Three months after the forced eviction of more than 450 families from the areas in Phnom Penh’s Tonle Bassac community once known as Dey Krahorm, the private firm that purchased the land from the municipality appears in no hurry to start development.
The northern corner of the deserted plot is currently used by employees of the mobile phone provider MobiTel for parking cars and motorbikes and the southern corner of the property is occupied by family members of security guards hired by the 7NG firm, which was behind the years-long campaign to clear Dey Krahorm of its inhabitants.
Neither those parking the cars nor the family living in the southern corner of the empty land, which is surrounded by weeds and garbage, have heard anything about the plans for the parcel of prime real estate.
Indeed, though the clamorous Jan 24 eviction occurred even before negotiations over a settlement with residents had been concluded, plans for the site’s development have yet to be finalized, company officials said.
Reached by telephone Thursday, 7NG general manager Srey Chanthou said the plan is to build a business center on Dey Krahorm, but no residential buildings as had previously been suggested.
But drawings of the development are not completed and construction is not scheduled to start until early next year, he added. It is also too early to say how many stories the center will be, when it will be completed and how much it will cost, he added.
“Now we are trying our best to push for the completion of the plan design by the end of this year; we welcome all international and national firms that wishes to rent [plots],” Mr Srey Chanthou said, giving an unsolicited plug for the business center, which is still only a concept.
When asked why the company was in such a hurry to evict the previous residents even though the plans were not off the drawing board, Mr Srey Chanthou declined to comment and said that the “issue is over.”
But, according to human rights organizations, the issue is far from over for 335 evicted families currently living in poor conditions in Dangkao district, about a 40 minutes drive outside Phnom Penh.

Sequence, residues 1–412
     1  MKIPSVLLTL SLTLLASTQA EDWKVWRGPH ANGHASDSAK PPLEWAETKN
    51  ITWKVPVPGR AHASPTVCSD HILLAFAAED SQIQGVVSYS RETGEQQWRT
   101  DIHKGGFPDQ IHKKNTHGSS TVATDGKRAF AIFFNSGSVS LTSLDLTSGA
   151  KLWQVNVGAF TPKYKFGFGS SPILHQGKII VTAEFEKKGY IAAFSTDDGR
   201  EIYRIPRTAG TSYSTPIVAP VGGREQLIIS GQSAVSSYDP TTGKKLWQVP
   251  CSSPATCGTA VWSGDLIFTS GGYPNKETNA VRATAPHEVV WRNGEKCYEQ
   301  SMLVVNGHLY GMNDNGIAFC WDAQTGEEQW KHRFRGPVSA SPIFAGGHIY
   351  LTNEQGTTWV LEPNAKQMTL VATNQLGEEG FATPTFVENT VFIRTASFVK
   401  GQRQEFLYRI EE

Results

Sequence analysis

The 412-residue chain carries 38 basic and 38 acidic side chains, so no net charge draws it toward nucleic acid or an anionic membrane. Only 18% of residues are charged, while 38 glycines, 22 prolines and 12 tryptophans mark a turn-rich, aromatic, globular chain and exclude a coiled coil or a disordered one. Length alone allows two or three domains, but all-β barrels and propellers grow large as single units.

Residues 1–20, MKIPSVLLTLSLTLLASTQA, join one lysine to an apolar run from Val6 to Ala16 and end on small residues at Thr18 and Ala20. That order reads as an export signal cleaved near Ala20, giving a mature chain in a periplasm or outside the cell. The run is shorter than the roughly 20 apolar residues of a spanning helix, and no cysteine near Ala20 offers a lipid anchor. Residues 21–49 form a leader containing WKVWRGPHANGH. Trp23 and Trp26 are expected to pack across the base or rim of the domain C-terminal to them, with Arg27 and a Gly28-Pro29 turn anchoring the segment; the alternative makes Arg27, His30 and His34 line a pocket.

Most of these families were renters in Dey Krahorm and were never part of the compensation plan that was only offered to residents by the 7NG company, according to Manfred Hornung, a legal consultant for local rights group Licadho.
“They are not expecting a lot of money or houses but they want the company to compensate them for what they lost during the eviction,” Mr Hornung said of the renters, adding that Cambodian and international law requires the authorities to make sure evicted people are properly compensated and that they have a adequate housing elsewhere.
A report released Wednesday by a coalition of NGOs, including Licadho, Caritas and the Centre for Child and Adolescent Mental Health, shows that the families who once rented at Dey Krahorm are struggling to find food and the poor sanitation at the relocation site where they are camped could lead to sickness.
“Many of the people there already told us they are suffering from diarrhea,” which is often accompanied by vomiting and high fever, Mr Hornung said. “Especially the children and the 30 or so individuals living with [HIV/AIDS] are at risk, since they already have a weak immune system,” he said.
A team from CCAMH together with clinical psychology students from the Royal University of Phnom Penh also carried out a mental health assessment and found symptoms of post-traumatic stress and depression among the families.
“Many of them did not recognize the headaches and stomach aches as symptoms of mental problems…. Some of them had dreams, and they were worried about being [evicted] again,” said Sokdearoet Rozet, a psychologist who participated in the study.